Hammar Bros. White Lead Company sent this $2.50 credit certificate to a potential customer in order to induce a new order. Although it was never used, because it promised a potential credit it was taxed as a promissory note. The tax for promissory notes was 2-cents per $100 or fraction thereof. It's an unusual example of the application of the tax on promissory notes. Can anyone offer other examples of credit certificates like this one?
Hammar Bros. White Lead Co. $2.50 Credit Memo
St. Louis, Missouri June 3, 1901
Reverse Side of Certifcate
Requirements for using the certicate were detailed on the reverse side.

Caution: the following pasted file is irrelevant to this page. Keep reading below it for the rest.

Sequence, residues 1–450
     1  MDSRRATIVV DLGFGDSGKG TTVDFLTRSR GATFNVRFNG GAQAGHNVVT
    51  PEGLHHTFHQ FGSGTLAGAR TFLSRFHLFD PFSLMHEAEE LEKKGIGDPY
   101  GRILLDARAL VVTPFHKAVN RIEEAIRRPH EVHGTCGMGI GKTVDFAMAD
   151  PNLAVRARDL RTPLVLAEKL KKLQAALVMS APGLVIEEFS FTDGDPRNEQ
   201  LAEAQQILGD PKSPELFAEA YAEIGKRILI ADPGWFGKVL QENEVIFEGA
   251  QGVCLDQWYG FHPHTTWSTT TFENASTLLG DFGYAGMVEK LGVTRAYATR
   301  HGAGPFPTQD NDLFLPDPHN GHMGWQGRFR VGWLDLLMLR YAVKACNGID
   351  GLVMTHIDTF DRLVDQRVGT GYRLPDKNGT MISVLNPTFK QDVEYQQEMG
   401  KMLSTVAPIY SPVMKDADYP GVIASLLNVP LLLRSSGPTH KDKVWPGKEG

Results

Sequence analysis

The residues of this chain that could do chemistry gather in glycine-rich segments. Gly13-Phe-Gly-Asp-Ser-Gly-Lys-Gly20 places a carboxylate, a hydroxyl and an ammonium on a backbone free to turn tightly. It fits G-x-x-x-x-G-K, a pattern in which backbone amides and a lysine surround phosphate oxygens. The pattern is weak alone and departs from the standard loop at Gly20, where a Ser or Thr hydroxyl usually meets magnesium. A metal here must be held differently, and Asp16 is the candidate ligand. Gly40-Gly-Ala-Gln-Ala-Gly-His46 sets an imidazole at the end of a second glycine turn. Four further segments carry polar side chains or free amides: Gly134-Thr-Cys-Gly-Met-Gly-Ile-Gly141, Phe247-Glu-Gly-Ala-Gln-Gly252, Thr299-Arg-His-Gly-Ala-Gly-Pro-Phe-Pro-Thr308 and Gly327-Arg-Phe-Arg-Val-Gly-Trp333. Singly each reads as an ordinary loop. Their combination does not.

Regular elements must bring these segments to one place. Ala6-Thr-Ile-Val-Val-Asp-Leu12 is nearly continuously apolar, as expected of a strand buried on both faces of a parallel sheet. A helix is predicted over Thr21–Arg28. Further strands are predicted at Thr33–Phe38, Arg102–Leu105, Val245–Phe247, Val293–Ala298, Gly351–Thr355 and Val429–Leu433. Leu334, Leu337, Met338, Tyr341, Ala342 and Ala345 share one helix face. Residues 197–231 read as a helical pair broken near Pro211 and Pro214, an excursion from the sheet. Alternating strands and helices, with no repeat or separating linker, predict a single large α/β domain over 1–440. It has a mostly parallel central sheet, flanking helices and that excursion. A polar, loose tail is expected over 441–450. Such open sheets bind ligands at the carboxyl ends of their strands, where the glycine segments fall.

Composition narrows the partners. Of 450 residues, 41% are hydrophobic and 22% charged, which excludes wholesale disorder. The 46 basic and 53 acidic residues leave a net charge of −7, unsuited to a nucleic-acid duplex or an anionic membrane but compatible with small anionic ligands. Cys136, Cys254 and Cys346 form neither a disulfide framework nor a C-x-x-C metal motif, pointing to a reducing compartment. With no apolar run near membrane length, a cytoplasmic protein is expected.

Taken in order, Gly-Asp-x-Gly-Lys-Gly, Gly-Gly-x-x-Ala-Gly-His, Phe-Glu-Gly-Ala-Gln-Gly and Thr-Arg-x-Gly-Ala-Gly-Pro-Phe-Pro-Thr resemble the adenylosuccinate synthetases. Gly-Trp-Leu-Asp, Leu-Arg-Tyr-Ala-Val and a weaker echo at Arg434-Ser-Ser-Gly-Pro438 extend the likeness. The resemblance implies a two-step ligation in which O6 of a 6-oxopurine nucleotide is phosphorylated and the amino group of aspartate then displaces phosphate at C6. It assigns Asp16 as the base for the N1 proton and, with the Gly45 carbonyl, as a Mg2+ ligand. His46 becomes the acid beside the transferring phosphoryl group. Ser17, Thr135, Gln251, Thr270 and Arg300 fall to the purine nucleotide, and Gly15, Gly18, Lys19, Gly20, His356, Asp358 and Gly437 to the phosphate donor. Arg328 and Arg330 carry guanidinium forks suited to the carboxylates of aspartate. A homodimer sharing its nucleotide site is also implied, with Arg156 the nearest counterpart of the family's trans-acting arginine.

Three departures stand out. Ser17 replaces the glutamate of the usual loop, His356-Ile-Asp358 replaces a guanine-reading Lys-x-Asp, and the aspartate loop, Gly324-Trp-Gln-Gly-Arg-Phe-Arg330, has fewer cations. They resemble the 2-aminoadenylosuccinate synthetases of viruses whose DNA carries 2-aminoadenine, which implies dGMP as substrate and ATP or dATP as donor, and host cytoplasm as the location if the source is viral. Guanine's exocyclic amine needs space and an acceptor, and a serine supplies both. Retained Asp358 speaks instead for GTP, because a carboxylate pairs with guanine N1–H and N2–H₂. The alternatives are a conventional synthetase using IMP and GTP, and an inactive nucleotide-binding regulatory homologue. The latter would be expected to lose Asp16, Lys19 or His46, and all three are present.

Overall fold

The accompanying letter further explains the offer and, as was customary of the time, showed the company's plant as part of the masthead. Somewhat curiously the letter is dated May 22, 1901, almost two weeks earlier than the certificate, and the amount of the certificate, $2.50, was added by a penned notation.
Hammar Bros. Promotional Letter 5/22/1901
Note the references to the B. & O. R.R.; the L. & N. R.R.; the Vandalia Line; and the E. St.Louis & Carondelet Line. Click on the masthead image to enlarge it.